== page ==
A new study reveals some significant shortcomings in Lean manufacturing and other operational excellence practices, begging the question of whether Lean still works for manufacturing.
Is Lean manufacturing bankrupt?
In some circles, that question stirs a reaction similar to dropping a bank CEO into an Occupy Wall Street demonstration. Proponents of Lean manufacturing and related principles of operational excellence such as Six Sigma are often strident in their belief that the practices deliver significant business advantages. Some take on the sheen of religious fanatics when they promulgate Lean.
What if they’re wrong?
Yes, I’m poking a sacred cow. But you can’t always tell a sacred cow from a sick one unless you look closely. The business process consultants at AlixPartners recently did just that. They turned an empirical eye to the world of operational excellence and Lean manufacturing, polling senior executives on the effectiveness of such efforts. The opening statement of the resulting study might read like blasphemy to some:
Despite significant investments in “lean manufacturing,” “Six Sigma,” and other productivity programs, most large manufacturers failed to reach—or even come close to—their cost savings targets over the last 12 months.
Consider some of the study’s findings. Among the manufacturers AlixPartners surveyed, 47% had hoped to achieve savings in excess of 5% of their manufacturing costs by implementing Lean manufacturing and operational excellence practices. Only 31% actually achieved that mark. Thirty-six percent realized 3%-4% savings, while 19% reduced costs by 2% or less. Fourteen percent couldn’t quantify their results.
Not a rousing endorsement. “Still,” reads the AlixPartners’ report, “despite these poor or unknown returns on investment, more than 90% of executives surveyed considered their programs to be somewhat or very effective, indicating a substantial perception gap in this area.”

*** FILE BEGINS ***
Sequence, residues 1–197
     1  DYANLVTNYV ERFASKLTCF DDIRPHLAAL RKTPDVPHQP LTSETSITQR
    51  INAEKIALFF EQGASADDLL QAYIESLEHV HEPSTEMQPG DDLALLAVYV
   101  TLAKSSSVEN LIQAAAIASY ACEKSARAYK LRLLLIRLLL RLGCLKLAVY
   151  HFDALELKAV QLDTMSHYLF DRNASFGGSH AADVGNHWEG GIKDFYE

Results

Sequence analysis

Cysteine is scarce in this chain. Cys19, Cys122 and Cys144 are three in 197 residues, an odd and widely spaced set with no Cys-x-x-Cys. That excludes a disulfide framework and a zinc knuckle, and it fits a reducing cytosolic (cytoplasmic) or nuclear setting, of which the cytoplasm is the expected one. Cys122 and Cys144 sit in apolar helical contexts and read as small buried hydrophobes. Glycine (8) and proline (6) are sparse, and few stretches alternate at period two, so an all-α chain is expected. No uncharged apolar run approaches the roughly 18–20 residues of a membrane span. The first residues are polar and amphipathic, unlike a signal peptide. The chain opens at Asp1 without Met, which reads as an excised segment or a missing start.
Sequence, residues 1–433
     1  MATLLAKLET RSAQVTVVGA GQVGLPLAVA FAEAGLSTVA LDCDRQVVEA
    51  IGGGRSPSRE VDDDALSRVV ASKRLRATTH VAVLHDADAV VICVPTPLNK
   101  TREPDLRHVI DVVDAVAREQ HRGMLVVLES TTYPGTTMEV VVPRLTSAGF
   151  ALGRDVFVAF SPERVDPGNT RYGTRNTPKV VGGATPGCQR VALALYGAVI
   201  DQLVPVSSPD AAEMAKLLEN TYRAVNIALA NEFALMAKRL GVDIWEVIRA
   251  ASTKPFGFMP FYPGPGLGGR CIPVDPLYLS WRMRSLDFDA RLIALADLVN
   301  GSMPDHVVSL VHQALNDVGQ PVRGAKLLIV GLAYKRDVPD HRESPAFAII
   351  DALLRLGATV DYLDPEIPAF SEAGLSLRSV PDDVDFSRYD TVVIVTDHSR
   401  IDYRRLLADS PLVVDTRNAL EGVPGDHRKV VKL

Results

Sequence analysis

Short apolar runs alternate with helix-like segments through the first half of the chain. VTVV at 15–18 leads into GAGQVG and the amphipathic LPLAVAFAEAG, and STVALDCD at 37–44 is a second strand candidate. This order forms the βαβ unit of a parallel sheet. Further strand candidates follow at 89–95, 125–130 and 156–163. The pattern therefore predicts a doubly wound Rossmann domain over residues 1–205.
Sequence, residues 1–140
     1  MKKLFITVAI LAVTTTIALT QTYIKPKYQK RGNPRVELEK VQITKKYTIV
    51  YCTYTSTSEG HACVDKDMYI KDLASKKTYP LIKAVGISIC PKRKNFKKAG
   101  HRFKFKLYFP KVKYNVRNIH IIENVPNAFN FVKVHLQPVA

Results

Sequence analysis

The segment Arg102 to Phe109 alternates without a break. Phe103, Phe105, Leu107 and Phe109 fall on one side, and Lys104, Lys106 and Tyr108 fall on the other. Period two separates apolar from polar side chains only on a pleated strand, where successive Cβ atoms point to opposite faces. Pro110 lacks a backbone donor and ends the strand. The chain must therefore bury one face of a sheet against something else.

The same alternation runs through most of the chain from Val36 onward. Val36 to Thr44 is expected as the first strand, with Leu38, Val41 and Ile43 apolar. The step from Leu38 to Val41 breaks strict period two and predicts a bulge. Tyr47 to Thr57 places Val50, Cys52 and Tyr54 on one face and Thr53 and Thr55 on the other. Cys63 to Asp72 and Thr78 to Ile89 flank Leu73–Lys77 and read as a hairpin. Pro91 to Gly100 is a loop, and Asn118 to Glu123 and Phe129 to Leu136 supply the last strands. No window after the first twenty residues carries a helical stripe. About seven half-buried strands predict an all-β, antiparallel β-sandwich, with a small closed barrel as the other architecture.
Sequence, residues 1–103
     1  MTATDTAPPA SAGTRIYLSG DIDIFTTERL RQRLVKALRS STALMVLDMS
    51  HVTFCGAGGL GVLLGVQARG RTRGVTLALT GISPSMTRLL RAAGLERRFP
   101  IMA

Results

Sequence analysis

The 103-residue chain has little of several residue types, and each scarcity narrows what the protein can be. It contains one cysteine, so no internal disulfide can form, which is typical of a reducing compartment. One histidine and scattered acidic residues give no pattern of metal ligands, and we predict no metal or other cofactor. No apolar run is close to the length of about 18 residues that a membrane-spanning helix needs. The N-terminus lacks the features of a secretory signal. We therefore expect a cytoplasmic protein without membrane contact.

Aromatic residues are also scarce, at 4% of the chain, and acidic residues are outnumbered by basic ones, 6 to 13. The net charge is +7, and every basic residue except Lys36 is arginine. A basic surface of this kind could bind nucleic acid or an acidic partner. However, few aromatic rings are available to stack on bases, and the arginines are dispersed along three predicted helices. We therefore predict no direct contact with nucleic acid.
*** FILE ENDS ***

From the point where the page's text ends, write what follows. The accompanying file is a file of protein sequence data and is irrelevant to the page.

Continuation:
For companies in which the operational excellence program did not deliver the expected benefits, 23% of respondents said the culprit was an “inaccurate opportunity analysis.” Which makes me wonder if the original opportunity analyses were swayed by dogma. That is, have the backers of Lean manufacturing and operational excellence so colored our views that we can no longer tell a sacred cow from a sick one?
Apologists will say that the manufacturers who found little benefit in Lean manufacturing came up short not because the philosophy is flawed, but because their execution was. But if failure is such a common result of Lean manufacturing efforts, maybe there’s something wrong with the system. If it works swimmingly on a diagramed process flow but fails in real factories, maybe Lean manufacturing methods aren’t suited to real-world manufacturing. Maybe it’s a bridge too far to expect the principles honed in one industry to apply to all others. Maybe today’s manufacturing reality is too volatile, too fast, for Lean manufacturing to keep up.
What do you think?
(See the Canadian Business Journal for a good analysis of the AlixPartners’ findings.)